For those of us re-entering the world of dating after a long hiatus, gaining self-awareness by engaging in a journey of honest self-exploration may be wrought with barriers. For instance, gaining insight and honestly owning one’s part in a conflictual relationship may feel a little too much like conceding and accepting blame, which many people are disinclined to do, particularly if they’re still in pain. Also, honest self-exploration and self-ownership can reduce anger and increase empathy toward a partner (or ex-partner), but that may be an undesirable prospect for some people, particularly since anger can make us feel empowered, shoving aside our sadness and vulnerability (feelings that can make us feel rather powerless). It may simply seem easier to remain polarized, see ourselves as victims, continue to project outward, and call it a dBut if we want to gain increased self-confidence so that we can relate to others in a healthier way, then we must do the emotional work (period). While it’s tempting to take all of our unhappiness and plop it into the lap of our next partner (and call it a day), if we haven’t done the work, then after the newness wears off, we’ll be left with the same (or similar) issues we had in our past relationships.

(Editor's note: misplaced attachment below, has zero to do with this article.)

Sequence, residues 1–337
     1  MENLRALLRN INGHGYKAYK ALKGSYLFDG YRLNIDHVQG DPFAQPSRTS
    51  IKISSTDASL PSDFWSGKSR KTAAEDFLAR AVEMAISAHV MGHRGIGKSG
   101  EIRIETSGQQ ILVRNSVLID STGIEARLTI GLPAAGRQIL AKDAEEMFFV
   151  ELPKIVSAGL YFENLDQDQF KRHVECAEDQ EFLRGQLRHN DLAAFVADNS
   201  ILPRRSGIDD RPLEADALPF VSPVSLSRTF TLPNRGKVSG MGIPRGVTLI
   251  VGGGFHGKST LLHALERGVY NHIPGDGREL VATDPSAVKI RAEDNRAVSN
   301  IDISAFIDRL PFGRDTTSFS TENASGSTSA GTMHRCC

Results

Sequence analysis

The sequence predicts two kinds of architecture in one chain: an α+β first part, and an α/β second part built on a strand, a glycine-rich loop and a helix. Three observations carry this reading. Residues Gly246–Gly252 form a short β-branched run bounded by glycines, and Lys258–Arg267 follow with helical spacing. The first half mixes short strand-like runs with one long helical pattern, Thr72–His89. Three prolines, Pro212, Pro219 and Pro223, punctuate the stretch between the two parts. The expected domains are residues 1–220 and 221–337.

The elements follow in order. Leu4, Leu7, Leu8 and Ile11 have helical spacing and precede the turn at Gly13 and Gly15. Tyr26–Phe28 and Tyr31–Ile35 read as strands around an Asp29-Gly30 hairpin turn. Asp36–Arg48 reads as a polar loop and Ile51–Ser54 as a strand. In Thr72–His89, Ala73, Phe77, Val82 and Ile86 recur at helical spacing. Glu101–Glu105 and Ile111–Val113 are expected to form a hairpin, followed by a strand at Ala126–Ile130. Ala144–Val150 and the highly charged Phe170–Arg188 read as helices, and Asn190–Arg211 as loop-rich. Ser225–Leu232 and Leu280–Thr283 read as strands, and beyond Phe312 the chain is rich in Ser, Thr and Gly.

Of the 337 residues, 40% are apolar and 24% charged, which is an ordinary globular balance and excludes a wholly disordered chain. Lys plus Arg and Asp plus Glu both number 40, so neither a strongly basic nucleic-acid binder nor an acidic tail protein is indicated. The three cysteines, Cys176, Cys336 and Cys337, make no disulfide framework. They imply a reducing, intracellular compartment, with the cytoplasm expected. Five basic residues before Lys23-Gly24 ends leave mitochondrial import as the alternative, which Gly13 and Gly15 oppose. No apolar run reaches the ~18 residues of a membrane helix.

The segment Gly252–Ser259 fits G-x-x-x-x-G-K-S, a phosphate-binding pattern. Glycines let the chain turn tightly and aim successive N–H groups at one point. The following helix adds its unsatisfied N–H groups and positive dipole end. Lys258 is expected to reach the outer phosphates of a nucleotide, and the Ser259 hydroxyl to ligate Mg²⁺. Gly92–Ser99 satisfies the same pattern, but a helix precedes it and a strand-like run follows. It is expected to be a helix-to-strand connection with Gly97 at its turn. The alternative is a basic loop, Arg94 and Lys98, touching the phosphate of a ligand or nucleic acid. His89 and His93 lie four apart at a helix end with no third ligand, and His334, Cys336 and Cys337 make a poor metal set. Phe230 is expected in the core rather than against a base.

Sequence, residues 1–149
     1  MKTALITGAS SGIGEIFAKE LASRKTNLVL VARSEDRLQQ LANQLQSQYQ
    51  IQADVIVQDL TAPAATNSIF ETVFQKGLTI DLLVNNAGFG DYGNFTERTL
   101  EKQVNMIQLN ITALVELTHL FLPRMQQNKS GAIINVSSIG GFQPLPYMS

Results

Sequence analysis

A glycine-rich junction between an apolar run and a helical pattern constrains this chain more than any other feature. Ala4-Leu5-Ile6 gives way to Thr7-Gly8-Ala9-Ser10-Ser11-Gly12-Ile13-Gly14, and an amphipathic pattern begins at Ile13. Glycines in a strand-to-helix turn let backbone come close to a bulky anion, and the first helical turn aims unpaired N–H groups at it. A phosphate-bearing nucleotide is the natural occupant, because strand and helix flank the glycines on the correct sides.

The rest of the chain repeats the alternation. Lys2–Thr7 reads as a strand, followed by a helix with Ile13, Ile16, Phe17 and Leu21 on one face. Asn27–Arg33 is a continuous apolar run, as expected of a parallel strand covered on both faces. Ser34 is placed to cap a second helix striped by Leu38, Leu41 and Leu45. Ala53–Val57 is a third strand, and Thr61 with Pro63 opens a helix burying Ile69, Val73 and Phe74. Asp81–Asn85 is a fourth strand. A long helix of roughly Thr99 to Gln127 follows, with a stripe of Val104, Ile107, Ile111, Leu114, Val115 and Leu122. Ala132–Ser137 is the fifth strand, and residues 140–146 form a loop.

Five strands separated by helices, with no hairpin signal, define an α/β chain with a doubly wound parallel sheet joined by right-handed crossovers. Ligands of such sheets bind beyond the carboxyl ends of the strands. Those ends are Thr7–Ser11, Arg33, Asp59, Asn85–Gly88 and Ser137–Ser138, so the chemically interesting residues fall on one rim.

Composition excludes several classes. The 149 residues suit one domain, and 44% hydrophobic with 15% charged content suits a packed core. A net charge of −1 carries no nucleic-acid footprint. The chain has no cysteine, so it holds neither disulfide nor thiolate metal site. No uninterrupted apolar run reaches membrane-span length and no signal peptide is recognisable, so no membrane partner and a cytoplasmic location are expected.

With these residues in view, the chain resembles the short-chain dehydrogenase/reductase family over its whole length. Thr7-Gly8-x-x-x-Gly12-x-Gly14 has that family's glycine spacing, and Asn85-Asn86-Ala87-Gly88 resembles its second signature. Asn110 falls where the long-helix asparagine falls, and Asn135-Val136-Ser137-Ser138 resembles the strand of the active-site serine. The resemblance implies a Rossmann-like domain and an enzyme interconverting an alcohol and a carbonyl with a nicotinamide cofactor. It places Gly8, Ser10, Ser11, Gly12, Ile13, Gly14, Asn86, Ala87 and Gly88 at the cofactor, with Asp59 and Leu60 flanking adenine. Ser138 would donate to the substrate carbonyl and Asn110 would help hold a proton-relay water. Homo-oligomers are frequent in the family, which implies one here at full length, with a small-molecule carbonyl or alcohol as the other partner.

In order to have a healthy romantic relationship we must increase our self-awareness and enter on a journey of honest self-exploration and self-ownership. We must be able to recognize that we are distinct from our environment and other individuals; we must be able to see the parts that we play in our relationships (good and not-so-good) —what we bring to the table, and then recognize how all of these dynamics relate to our past experiences, our world views and our meaning-making life lenses. We must be able to see that honest self-exploration and increased self-awareness do not mean that we are signing on for a lifetime of blame and shame, or giving others ammunition to use against us. Quite the contrary, in fact. An honest and introspective journey of self awareness can be freeing. It’s a relief to admit to ourselves (and eventually others) the truth of why we feel the way we do, think the way we do, and act the way we do. And once our self-awareness has increased, we can then begin the journey of accepting ourselves — because you guessed it, self-acceptance is a key ingredient of self-confidence.